How to Get Your Dog to Stop Jumping

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Dogs greet each other nose-to-nose and want to do the same with us. Since our noses are not at their level, they jump up to reach them.

Does your dog jump on you as if he’s got springs on his feet? Like it or not, we humans are to blame. We not only permit this behavior, we encourage it.

For example: You come home from work and your small dog jumps up to greet you so you pick him up and hold him or your large dog jumps up on you placing his paws on your chest and you pet him. 

You’re following the basic idea of training by rewarding the dog when he exhibits a certain behavior but most people don’t like dogs jumping all over them and jumping is an easy behavior to correct.

Solving a behavior like jumping requires both management of the situation and training your dog.

Management

Management means you must control the situation so your dog doesn’t have the opportunity to jump up. Use management techniques until your dog is adequately trained not to jump.

For examplelet’s take the dog that jumps on visitors. To manage your dog’s behavior, you could do one of the following before your guest arrives:

  • Have him go to his crate
  • Confine him in another room.
  • Restrain him on a leash

Any of these will prevent the jumping while he’s learning proper behavior.

Training

Teach your dog that he gets no attention if he’s jumping on you or anyone else. 

Teach your dog to something that is incompatible with jumping up, such as sitting. He can’t sit and jump up at the same time. If he’s not sitting, he gets no attention.

IMPORTANTBe consistent. Everyone in your family must follow the training program all the time. You can’t let your dog jump on people in some circumstances, but not others.

Training Techniques

When your dog jumps on other people:

  • Ask a family member or friend to assist with training. Your assistant MUST be someone your dog likes and wants to greet. Your dog should never be forced to meet someone who scares him.
  • If your dog understands the “Sit” command it should be given right at the time of takeoff and enforced. The dog should be lavished with praise and generous petting when all fours are on the ground. If your dog does not understand this command, use a slip lead and pull the leash up gently while pushing down on his rump while giving the “Sit” command. Again, give generous praise when the dog obeys.
  • Have the greeter approach your dog. If your dog stands up, the greeter must immediately turn and walk away.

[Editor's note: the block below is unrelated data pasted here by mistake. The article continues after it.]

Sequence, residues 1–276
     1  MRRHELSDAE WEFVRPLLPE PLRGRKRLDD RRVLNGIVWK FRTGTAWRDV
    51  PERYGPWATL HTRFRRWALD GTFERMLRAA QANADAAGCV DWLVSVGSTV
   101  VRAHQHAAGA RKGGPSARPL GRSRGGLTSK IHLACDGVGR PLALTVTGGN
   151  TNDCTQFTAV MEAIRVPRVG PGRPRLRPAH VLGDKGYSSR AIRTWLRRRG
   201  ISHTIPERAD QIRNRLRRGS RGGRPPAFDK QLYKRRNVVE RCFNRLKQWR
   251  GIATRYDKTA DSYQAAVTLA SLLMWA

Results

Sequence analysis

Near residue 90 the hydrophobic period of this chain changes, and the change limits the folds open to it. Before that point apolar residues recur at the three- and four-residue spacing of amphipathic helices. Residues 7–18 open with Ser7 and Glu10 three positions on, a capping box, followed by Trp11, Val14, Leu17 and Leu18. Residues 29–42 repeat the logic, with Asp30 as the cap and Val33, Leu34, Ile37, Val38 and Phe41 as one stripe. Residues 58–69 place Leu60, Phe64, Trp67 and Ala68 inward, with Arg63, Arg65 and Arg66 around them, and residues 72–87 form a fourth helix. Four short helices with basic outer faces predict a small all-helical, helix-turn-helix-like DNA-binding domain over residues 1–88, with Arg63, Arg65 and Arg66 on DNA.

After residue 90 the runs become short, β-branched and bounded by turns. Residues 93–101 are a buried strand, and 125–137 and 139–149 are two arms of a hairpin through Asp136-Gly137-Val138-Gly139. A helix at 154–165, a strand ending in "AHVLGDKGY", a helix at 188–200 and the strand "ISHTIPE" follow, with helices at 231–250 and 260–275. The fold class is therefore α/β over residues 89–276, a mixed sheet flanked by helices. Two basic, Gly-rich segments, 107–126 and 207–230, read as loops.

• Give your dog the “Sit” command and have the greeter approach again.
  • Keep repeating until your dog remains seated as the greeter approaches.
  • If your dog does remain seated, the greeter can give your dog a treat as a reward.

When you encounter someone while out walking your dog, you must manage the situation and train your dog at the same time.

  • Stop the person from approaching by telling him you don’t want your dog to jump on him.
  • Hand the person a treat.
  • Give your dog the “Sit” command.
  • Tell the person he can pet your dog and give him the treat as long as your dog remains seated.
  • Some people will tell you they don’t mind if your dog jumps on them, especially if your dog is small and fluffy or a puppy. But you should mind. Remember, you need to be consistent in training. If you don’t want your dog to jump up on people, stick to your training and don’t make exceptions.

When your dog jumps on you when you come in the door:

  • Keep greeting quiet and very low-key.
  • If your dog jumps on you, ignore him. Turn and go out the door.
  • Try again. You may have to come in and out dozens of times before your dog learns he only gets your attention when he keeps all four feet on the floor.

When your dog jumps on you when you’re sitting:

  • Stand up immediately. 
  • Don’t talk to him or push him away. 
  • Just ignore him until all four feet are on the ground.

Other Training Techniques that Work

The Knee in Chest Procedure: Call your dog as you anticipate his jump. When he jumps up on you, lift your leg and give him a knee in the chest. Not hard. THIS IS NOT A KICK but a knee jab. (The best way to do this may be to simply wait for your dog to jump then raise your knee and let him jump into it) If this is done with the proper timing, your dog will not see that it is your knee that is causing the discomfort. When you raise your knee and the dog hits it, a barrier is created that keeps the dog from getting close to you and he will lose his balance. If this is done correctly, the dog will jump down rather than have you jump away from him. Repeat this method each time he jumps on you and always reward him with generous petting when he stands or sits calmly. This method works well with medium to large size dogs. Again, DO NOT KICK YOUR DOG! The knee in the chest in uncomfortable and you don’t want to brutalize him.

The Fred Astaire Paw Grab Method: When the dog jumps up, grab his paws and hold on for dear life as you dance around the room. Most dogs do not like to dance and his greatest desire will be to get all fours back on the ground. Repeat this procedure each and every time your dog jumps up on you. His hate of dancing should override his love of jumping. 

When an owner makes a dedicated effort and remains consistent, most behavior problems can be easily over come.


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